Boys dominate in classroom talk, and in school space, whether in the classroom or in the playground. An important aspect of this, argues Paechter, is the way adolescent girls are subject to a ‘disciplinary gaze’. The sexuality of girls is surveyed and consequently controlled by the attitude, language and behaviour of boys (and, often, male teachers) whose authority derives from the masculine-dominated rules of heterosexual culture. Paechter concludes that the Othering of girls within the education system is of particular importance, because it sets girls up for a lifetime of subordination, whereby femininity is that against which masculinity defines itself and asserts its superiority (1998: 115).

A rather different use of the Other can be found in the work of some postmodern or post-structualist feminist writers. In the work of Cixous, Irigaray and Kristeva, for example, the concept of women as the Other has been developed through engaging with the ideas of Lacan and Derrida. According to Tong (1998), Cixous, Irigaray and Kristeva each follow de Beauvoir in focusing on women’s Otherness but interpret this condition fundamentally differently.‘Woman is still the Other, but rather than interpreting this condition as something to be transcended, postmodern feminists proclaim its advantages’ (Tong 1998: 195). In this understanding of Otherness, it is something of an advantaged, privileged viewpoint, enabling a critique of the dominant patriarchal culture through the celebration of feminine cultures, bodies and sexuality.

The critical evaluation of the concept of the Other centres around the issue of ‘difference’. Commentators on The Second Sex point to its tendency toward universalism, in that de Beauvoir conveys the view that the Other is the experience of all women, at all times (Okely 1986).

Contemporary perspectives, influenced by multicultural and postmodern feminism, emphasise the heterogeneity of women’s experiences. For example, in analysing the experiences of African-American women, Hill Collins (1990) identifies the important role of ‘controlling images’ through which they are stereotyped, as ‘Mammy’, ‘matriarch’, ‘welfare recipient’ or ‘hot mamma’. Hill Collins therefore points to the particular form of the Other experienced by African-American women. Similarly, Anthias and Yuval-Davies (1992) are critical of the tendency to position ‘women’ as Other in a dichotomous relationship to ‘men’. They argue for a deconstruction of such binary categories, to encourage the analysis of diversity and commonality in a range of historically specific ethnic and class contexts.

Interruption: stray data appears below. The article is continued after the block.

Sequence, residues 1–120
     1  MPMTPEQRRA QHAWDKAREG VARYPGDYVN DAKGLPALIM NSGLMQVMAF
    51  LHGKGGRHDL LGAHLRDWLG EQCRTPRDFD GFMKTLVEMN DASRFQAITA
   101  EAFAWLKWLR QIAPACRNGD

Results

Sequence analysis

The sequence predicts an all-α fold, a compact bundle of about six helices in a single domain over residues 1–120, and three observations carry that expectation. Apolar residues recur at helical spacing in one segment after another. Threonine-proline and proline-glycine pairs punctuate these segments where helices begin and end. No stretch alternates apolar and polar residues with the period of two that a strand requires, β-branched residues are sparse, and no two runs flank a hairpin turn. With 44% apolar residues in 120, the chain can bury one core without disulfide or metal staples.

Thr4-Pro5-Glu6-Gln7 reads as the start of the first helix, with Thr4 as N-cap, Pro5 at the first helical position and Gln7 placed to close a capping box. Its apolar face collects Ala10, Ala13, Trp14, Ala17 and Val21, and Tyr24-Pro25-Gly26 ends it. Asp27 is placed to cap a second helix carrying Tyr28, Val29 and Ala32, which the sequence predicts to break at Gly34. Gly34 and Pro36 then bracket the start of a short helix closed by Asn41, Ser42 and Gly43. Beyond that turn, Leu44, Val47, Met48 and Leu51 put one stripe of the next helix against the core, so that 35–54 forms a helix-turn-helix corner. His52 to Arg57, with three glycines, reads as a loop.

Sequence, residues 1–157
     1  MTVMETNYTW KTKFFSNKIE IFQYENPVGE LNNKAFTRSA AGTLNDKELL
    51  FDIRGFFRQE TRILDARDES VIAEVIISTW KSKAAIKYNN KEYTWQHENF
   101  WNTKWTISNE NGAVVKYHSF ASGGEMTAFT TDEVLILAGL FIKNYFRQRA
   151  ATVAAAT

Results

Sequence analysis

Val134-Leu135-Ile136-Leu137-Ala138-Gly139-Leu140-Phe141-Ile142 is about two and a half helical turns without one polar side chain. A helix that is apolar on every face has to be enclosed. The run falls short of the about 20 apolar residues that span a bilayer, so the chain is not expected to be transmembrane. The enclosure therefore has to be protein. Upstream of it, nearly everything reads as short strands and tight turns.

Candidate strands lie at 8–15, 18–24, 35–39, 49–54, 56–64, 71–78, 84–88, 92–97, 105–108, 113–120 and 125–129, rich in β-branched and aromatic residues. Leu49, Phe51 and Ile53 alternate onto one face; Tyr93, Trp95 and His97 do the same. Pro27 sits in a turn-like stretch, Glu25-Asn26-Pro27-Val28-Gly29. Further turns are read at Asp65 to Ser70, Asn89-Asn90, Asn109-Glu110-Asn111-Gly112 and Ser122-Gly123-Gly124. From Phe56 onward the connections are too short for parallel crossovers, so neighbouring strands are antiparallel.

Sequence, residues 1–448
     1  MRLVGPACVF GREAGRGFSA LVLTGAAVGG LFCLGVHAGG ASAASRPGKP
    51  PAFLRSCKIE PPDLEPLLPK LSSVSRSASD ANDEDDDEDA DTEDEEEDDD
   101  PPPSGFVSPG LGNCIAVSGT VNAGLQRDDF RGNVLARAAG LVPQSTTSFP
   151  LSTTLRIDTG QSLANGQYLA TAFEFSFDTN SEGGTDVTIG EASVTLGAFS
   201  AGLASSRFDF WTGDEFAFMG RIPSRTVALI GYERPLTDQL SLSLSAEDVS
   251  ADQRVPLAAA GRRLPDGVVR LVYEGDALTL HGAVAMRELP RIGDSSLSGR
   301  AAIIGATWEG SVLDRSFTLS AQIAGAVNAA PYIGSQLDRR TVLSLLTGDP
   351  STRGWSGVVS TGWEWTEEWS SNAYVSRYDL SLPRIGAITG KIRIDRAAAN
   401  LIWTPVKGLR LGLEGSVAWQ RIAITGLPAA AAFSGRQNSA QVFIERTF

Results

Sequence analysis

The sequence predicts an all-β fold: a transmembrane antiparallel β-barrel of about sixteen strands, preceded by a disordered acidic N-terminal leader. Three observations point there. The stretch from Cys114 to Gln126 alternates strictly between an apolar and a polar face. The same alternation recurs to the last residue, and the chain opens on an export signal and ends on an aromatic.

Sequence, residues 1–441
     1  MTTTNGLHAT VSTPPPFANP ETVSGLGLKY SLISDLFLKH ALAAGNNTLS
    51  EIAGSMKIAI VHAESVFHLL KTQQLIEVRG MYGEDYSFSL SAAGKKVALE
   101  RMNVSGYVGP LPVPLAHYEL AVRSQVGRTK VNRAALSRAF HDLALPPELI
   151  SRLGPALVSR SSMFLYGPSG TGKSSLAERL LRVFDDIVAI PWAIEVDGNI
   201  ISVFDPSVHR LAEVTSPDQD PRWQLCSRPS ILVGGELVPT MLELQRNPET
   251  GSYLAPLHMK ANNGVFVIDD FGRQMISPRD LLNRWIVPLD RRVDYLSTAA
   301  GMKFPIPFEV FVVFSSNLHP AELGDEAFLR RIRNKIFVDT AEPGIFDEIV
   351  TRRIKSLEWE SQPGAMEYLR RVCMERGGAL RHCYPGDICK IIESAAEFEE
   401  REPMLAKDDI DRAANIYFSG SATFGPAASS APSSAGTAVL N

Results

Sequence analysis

From the perspective of postmodernist and poststructuralist feminist analyses, the use of dichotomous distinctions (between ‘the One’ and ‘the Other’ or between ‘Subject’ and ‘Object’) uncritically reproduces the binarism in Western philosophical thought, a tendency so deeply implicated in the valuing of masculinity over femininity. Feminist writers such as Cixous, Irigaray and Kristeva aim to avoid both patriarchal conceptualisations and universalistic explanatory theories, instead emphasising difference, plurality and diversity. In her work, Paechter recognises the inadequacies of universalism and the way the concept of ‘the Other’ both encourages dualistic thinking and underemphasises difference. There are, Paechter acknowledges, innumerable Others arising from a range of sets of power relations between groups. Nevertheless, she argues, it is women who have most consistently and most particularly been positioned as Other and it is feminist writings that have been important in developing the analysis of Otherness. Paechter suggests that the importance of the concept of the Other ultimately lies in the way it draws attention to the particular forms of masculinity forceful in creating other masculinities as subordinate, as well as femininities (1998: 115).

For a Critical Appreciation of de Beauvoir's The Second Sex, [by Dr. V. Rajagopalan, former Head, Dept of English, MCC] click HERE


De Beauvoir’s The Second Sex is critically evaluated in Fallaize (1998, ed.), a reader that draws together some classic commentaries on de Beauvoir and her work. For an analysis of the way modern Western art has regarded women as ‘the Other’, see Pollock (1988). Gilligan’s In a Different Voice (1982) is a classic text identifying the positioning of women as Other in psychological theories of moral development.

Excerpted from 50 Key Concepts in Gender Studies by Jane Pilcher & Imelda Whelehan.